Two diverse structures – an apartment block in Melbourne and a home in the Blue Mountains – that both provided room and comfort throughout the pandemic and reinforced the value of exceptional design, claimed the nation’s best awards for residential design.

A North Melbourne project designed by Kennedy Nolan Architects that includes six four-storey townhouses and two two-storey apartments claimed the main award for multi-residential homes, while Peter Stutchbury Architects’ home in Blackheath for an astronomy-appreciating client in a wheelchair claimed the new house category.

Good medium-density development: The Lothian in North Melbourne has two apartments and six townhouses, all with their own street addresses and entrances. Derek Swalwell

Both projects featured solid, comfortable places that corresponded with residents’ needs and devised a refuge for them throughout the pandemic, displaying the effect that the concepts or lines designers draw upon a page have on people’s existences, jury chairwoman Alice Hampson stated.

That line can develop into someone’s entire world, Hampson said.

The pertinence of strong design seems more valuable than previously, especially in housing, she said, because everyone was home during lockdown.

The brick structure on Lothian Street that likened brick structures of the suburb’s industrial history had recessed balconies and sizable interior spaces and granted each of the eight residences its own entries, rendering it the opposite of the stereotypical “glass box with glass walls everywhere”, Hampson said.

Sky’s the limit: The Blackheath house by Peter Stutchbury Architects is designed to be accessible for its wheelchair-user owner. Michael Nicholson

It represented a “brave” decision by the developer Excelon Projects, she said.

It’s unlike anything on the market, Hampson said.

Purchasers of the sizable three- and two-bedroom townhomes and apartments in the structure with an end value of $13 million were young families, Excelon director Kelvin Taing stated.

As a growing inner city suburb, he thought that there was a market amongst individuals who desire top quality, more custom designed residences for themselves, Taing told the Financial Review.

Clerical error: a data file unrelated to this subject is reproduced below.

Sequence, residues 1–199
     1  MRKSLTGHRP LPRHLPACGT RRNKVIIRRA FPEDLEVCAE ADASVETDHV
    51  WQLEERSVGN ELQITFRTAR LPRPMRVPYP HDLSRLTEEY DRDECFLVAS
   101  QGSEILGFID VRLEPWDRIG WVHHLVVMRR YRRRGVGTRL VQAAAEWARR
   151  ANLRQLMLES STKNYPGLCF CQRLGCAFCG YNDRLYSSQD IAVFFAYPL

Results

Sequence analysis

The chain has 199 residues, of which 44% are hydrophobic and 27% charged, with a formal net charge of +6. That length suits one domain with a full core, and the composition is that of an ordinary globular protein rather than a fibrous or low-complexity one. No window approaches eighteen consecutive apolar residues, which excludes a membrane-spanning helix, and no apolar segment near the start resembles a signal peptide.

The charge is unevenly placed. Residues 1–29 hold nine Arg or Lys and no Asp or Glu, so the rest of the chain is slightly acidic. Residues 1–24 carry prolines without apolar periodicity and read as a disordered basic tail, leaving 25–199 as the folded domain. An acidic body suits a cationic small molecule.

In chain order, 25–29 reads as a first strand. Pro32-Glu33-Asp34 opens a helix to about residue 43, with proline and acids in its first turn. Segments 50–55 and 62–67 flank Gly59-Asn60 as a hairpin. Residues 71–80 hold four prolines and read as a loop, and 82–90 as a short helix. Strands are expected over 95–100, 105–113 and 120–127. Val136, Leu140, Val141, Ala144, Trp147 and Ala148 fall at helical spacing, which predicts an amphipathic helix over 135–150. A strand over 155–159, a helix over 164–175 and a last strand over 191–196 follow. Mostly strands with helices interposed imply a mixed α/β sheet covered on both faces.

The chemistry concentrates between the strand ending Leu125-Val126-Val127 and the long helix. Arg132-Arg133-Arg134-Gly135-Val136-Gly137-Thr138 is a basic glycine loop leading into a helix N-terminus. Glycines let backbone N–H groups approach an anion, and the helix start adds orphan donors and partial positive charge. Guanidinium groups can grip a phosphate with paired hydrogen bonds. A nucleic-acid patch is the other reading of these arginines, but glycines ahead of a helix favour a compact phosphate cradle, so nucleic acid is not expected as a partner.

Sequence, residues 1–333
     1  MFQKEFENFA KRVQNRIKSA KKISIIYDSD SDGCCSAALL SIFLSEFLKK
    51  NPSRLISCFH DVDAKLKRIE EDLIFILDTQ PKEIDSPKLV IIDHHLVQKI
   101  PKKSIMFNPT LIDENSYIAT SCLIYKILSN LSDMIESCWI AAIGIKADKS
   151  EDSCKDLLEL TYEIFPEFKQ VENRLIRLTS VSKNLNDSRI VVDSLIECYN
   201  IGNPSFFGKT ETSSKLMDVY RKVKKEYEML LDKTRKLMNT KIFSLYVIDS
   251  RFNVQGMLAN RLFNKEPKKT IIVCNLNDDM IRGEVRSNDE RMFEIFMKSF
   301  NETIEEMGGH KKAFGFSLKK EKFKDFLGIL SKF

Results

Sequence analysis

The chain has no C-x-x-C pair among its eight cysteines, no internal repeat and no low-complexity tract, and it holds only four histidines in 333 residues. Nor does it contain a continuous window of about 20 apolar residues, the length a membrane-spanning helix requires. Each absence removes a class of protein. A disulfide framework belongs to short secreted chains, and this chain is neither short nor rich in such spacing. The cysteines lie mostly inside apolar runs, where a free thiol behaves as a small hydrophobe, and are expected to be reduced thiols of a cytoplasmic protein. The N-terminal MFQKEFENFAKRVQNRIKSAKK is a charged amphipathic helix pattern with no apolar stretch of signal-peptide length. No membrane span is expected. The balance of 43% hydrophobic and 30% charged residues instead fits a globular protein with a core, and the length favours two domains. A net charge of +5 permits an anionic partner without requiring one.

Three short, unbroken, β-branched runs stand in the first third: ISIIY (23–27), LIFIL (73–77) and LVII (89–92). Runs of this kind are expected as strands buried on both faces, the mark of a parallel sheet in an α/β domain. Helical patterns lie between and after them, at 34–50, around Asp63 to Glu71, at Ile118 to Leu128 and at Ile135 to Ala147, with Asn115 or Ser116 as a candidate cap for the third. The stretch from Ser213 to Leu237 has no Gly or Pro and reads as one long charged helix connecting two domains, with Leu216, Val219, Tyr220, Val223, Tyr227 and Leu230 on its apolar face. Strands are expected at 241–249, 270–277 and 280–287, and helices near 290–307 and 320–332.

One of the two-bedroom apartments is on sale with a $880,000 price tag – more than $10,000 per square metre sans a car park.

The jury elevated the Peter Stutchbury house, which attained a lower-level gong as opposed to the state’s top prize in the NSW awards in June, for the highest national award for new home architecture.

The design sports a vaulted roof with elliptical hole to facilitate night sky observation and an accessible, one-level floorplan for the customer, a wheelchair user, was different but demonstrated that design could fulfill people’s requirements, however individualised, Hampson said.

Gazing space: the vaulted arch of the main room includes an elliptical hole to permit observation of the night sky. Michael Nicholson

It’s all considered specifically for someone in a wheelchair who sought to connect with the universe, she stated.

A design by Grimshaw in conjunction with Monash University, which provided both small and large light-brimmed spaces and became the southern hemisphere’s most sizable Passive House-certified project, won Monash Woodside Building for Technology and Design, the nation’s most exalted honours for public and sustainable design.

At the core of this structure’s imperative is a demonstration of how architecture can help clients to achieve net zero, in this instance by the year 2030, the jury citation stated.

Monash Woodside Building for Technology and Design, designed by Grimshaw in collaboration with Monash University. Rory Gardiner

The top honour for educational architecture was won by the Neeson Murcutt + Neille-created Rosewood Centre gym and teaching building at Sydney’s Barker College.

The sizable structure that encompasses five court spaces, gym and exercise spaces, rooms for dance, general purpose teaching spaces, displayed how sporting facilities could be more fun to be a part of, especially for kids, Hampson said.

They’re generally a sizable shed and are not pleasant or humanised, she said.

Big and small spaces – and highly efficient: The Woodside building is the largest Passive House-certified building in the southern hemisphere. Peter Bennetts

The ceiling space is divided in geometric terms. It is well lit and highly humanistic.

The space was superior to school gyms for people looking to take in games, Hampson said.

Large, but small: The building design humanised the big-box gym and created a scale that suited the children using it. Rory Gardiner

The nation’s top honour for heritage architecture went to the Williams Boag Architects-designed Bendigo Former Mining Exchange, for a $3 million renovation that restored a Victorian building and elevated it up to modern standards.

The building offers 1415sq m of new commercial space reserved for bars and restaurants, was finished in late 2019, right before the pandemic and was vacant of tenants when it won Victoria’s state award for heritage architecture this June.

Awaiting a pick-up: The Beehive Buildings (Bendigo Former Mining Exchange), restored by Williams Boag Architects, is still vacant, two years after completion. Fred Kroh

Two weeks since the easing of Victoria’s lockdown restrictions, it stayed vacant, Colliers leasing agent Andrew Lewis stated on Thursday.

The commercial market is strong, but hospitality represents the donut hole, Lewis stated.

He said no interest exists in the hospitality sector in Ballarat, Geelong or Bendigo, and that–while we’re not back to normality yet, after Christmas we may be.



Image source: Derek Swalwell, Michael Nicholson, Rory Gardiner, Peter Bennetts and Fred Kroh